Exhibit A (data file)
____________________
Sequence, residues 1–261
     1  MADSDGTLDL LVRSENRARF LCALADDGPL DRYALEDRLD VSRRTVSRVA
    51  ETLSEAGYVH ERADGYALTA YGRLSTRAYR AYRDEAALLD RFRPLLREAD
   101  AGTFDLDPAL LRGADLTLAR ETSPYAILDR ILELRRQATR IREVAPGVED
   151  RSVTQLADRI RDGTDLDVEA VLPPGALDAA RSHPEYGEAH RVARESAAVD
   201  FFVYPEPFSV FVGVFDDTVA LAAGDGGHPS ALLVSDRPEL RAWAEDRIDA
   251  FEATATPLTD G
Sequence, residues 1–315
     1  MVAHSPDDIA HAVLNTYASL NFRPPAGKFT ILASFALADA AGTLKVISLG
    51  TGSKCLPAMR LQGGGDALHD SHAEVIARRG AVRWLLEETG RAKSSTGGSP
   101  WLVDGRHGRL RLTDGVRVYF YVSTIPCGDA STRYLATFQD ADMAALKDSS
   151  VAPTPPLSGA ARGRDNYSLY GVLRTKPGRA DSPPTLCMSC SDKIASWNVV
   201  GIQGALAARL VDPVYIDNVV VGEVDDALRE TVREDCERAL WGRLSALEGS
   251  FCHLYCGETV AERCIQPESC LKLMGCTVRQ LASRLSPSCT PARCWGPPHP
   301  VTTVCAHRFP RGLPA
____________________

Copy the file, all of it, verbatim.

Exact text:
Sequence, residues 1–261
     1  MADSDGTLDL LVRSENRARF LCALADDGPL DRYALEDRLD VSRRTVSRVA
    51  ETLSEAGYVH ERADGYALTA YGRLSTRAYR AYRDEAALLD RFRPLLREAD
   101  AGTFDLDPAL LRGADLTLAR ETSPYAILDR ILELRRQATR IREVAPGVED
   151  RSVTQLADRI RDGTDLDVEA VLPPGALDAA RSHPEYGEAH RVARESAAVD
   201  FFVYPEPFSV FVGVFDDTVA LAAGDGGHPS ALLVSDRPEL RAWAEDRIDA
   251  FEATATPLTD G
Sequence, residues 1–315
     1  MVAHSPDDIA HAVLNTYASL NFRPPAGKFT ILASFALADA AGTLKVISLG
    51  TGSKCLPAMR LQGGGDALHD SHAEVIARRG AVRWLLEETG RAKSSTGGSP
   101  WLVDGRHGRL RLTDGVRVYF YVSTIPCGDA STRYLATFQD ADMAALKDSS
   151  VAPTPPLSGA ARGRDNYSLY GVLRTKPGRA DSPPTLCMSC SDKIASWNVV
   201  GIQGALAARL VDPVYIDNVV VGEVDDALRE TVREDCERAL WGRLSALEGS
   251  FCHLYCGETV AERCIQPESC LKLMGCTVRQ LASRLSPSCT PARCWGPPHP
   301  VTTVCAHRFP RGLPA